“At your house, make it a rule that ‘no means no’,” says Jill Whitney, a licensed marriage and family therapist. “When you’re roughhousing with your child and they stay ‘stop,’ stop immediately, even if it’s clear they’re having fun. If they say they still want to roughhouse and didn’t really mean it about stopping, you have a wonderful opening to talk about mixed signals, [and say] ‘Well, it seemed like you were having fun, but you said to stop. So I needed to stop and check in about whether you really wanted to stop.’”
Kids have to know they can talk to you without being judged
You should also communicate early that if anyone touches or treats them in a way they find uncomfortable, based on the boundaries you’ve established with them, that they can come to you to talk about it, and that they will be heard without judgment, even if the person mistreating them is a family member.
“It is important to say, ‘even if this is a family member, we want you to tell,’ says Ambrose. “I cannot stress how important it is to say ‘we will not be mad at you’. Perpetrators tell children all sorts of manipulative things to keep [them] silent about abuse — they need to have clear, powerful messages letting them know their safety and wellbeing is your priority.”
Expose them to real, healthy relationships (‘This Is Us’ can help)
Even if your child is too young to be in a relationship, they need to know what a healthy one looks like. Nearly one in 10 women has been raped by an intimate partner in her lifetime.
“Explore and educate children on what it means to be in a healthy relationship, warning signs of an unhealthy relationships, and how to help yourself and/or a friend involved in a toxic relationship,” says Marshall. “Through these conversations, children learn about mutual respect, good communication, honesty, support, trust and being your own person within a relationship and equality.”
Being a single parent doesn’t disqualify you from doing this.
“If you’re a single parent or have ben through a bad marriage, etc., it is still possible to support your child in learning about healthy relationships,” adds Marshall. “Single parents and those who have experienced divorce can use their own personal relationships to demonstrate what was healthy and what was not healthy. For example, I work with a single mother who experienced domestic violence in her previous relationship in which the children witnessed the emotional and physical abuse of their mother. We have worked together with her and her children on exploring some of the unhealthy behaviors their father displayed vs. the healthy behaviors, and how each made them and their mother feel. We also use TV shows that accurately depict healthy relationships – not just the ‘perfect’” relationships, but the ‘real’ relationships. ‘This Is Us’ and ‘Parenthood’ have wonderful examples of couples going through challenges together and how they navigate them in a healthy way through mutual respect and support.”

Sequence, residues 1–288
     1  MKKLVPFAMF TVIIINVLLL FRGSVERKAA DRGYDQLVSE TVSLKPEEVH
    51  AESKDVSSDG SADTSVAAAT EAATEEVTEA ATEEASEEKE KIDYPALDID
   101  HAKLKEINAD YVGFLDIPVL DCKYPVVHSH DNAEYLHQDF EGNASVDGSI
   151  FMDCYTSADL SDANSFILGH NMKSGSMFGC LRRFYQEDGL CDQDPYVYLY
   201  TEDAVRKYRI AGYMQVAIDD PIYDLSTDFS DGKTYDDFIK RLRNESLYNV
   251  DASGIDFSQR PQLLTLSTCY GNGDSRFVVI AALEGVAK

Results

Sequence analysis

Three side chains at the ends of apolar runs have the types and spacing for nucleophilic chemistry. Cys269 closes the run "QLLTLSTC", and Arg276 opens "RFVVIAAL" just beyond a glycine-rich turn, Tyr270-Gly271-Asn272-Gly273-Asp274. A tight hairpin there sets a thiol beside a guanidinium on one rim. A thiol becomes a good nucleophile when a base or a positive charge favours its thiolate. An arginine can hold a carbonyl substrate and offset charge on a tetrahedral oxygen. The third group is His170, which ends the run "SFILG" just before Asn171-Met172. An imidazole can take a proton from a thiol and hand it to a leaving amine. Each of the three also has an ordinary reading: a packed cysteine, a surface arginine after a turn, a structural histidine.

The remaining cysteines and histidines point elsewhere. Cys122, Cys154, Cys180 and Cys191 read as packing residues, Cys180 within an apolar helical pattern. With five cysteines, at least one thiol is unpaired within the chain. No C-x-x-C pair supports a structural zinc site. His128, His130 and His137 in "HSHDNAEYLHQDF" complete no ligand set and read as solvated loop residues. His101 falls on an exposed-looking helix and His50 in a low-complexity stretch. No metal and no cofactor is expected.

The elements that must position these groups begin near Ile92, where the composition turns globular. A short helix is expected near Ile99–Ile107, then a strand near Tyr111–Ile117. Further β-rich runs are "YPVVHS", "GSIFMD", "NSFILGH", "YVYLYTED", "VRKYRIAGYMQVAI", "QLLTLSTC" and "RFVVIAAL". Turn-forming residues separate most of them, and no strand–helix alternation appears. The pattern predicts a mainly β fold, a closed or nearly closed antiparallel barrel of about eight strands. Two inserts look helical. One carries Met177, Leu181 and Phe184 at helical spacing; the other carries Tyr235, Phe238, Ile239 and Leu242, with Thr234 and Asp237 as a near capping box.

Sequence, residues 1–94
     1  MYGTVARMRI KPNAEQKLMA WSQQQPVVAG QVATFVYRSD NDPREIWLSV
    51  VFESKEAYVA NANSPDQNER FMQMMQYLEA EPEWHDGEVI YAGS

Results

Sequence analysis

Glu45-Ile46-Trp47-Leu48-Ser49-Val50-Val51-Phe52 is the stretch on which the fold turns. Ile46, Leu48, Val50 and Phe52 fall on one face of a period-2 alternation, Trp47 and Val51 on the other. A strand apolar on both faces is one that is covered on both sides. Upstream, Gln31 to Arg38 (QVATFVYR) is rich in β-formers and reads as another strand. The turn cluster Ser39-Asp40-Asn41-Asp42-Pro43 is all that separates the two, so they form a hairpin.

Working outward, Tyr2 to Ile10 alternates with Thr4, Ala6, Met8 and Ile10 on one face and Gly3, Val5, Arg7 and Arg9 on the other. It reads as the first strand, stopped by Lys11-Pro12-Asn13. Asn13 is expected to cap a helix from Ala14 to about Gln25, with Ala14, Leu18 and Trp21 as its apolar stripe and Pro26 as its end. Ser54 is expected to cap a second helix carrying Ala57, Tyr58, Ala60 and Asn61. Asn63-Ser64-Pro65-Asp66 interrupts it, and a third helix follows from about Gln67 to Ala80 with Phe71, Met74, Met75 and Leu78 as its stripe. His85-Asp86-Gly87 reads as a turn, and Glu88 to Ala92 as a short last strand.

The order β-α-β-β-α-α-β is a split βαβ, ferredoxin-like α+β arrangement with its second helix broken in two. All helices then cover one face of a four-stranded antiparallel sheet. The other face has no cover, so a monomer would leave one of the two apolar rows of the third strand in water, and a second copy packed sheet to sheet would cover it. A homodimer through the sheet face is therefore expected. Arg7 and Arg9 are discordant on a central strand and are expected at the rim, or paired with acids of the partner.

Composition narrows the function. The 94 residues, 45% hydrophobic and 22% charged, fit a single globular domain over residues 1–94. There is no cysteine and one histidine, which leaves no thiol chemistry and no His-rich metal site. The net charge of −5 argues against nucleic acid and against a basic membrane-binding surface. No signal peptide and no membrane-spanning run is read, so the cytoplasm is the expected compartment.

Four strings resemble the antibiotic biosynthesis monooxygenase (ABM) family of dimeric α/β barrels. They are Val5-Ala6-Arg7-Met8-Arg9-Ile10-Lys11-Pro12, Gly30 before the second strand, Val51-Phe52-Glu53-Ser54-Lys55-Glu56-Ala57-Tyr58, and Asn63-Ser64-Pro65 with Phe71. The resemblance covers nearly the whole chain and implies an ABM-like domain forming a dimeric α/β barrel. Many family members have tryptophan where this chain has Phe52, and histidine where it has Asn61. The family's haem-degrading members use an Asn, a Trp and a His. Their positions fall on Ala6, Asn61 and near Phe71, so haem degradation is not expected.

Dads: Step up and be vulnerable
Quentin Vennie, a public speaker, author, father of two young sons and an active member of non-profits such as Bent On Learning, Campaign for Black Male Achievement and Lineage Project has come to realize, through coping with his own history of sexual abuse and the oppressive silence he endured, that dads need to be open and honest with their children. This is something that can be challenging for dads when their kids “see them as superman” as Vennie notes his children do.
Vennie chose to disclose pieces of his story of sexual trauma to his children (aged nine and 12) and found that his sons have become more sensitive and respectful of others since.
“I think it opened their eyes to understanding other people on a human level,” Vennie says. “A lot of times we get caught up in how we feel and we neglect to look at people for people, and instead see them as objects. When I introduced my own vulnerability to my children, I felt the chances of them being victimizers was greatly reduced. They see the world with a compassion that isn’t just self-serving.”
It’s okay if you can’t have this conversation, but make sure a trusted adult does
If these conversations are too upsetting to you for whatever reason, hand it over to another trusted adult in your life.
“You don’t want give your children the impression they need to help you with your problems as this can be overwhelming for a child,” says Dr. Laura F. Dabney, MD, a psychiatrist. “Don’t be ashamed to admit your limitations. Perhaps you can talk about general safety with your children but can’t get specific about avoiding sexual assault. That’s okay. Elicit the help from a trusted family member to teach this part. It will be much easier for a child to listen if they aren’t picking up clues that mom [or dad] is terribly upset.”